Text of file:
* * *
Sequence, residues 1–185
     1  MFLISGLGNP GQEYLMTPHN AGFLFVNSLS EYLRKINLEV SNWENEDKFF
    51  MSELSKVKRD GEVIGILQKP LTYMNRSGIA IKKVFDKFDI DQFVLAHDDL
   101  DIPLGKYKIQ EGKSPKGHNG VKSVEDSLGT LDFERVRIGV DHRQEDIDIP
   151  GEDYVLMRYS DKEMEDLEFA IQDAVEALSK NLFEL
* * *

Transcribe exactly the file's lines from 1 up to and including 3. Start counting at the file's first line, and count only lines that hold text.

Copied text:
Sequence, residues 1–185
     1  MFLISGLGNP GQEYLMTPHN AGFLFVNSLS EYLRKINLEV SNWENEDKFF
    51  MSELSKVKRD GEVIGILQKP LTYMNRSGIA IKKVFDKFDI DQFVLAHDDL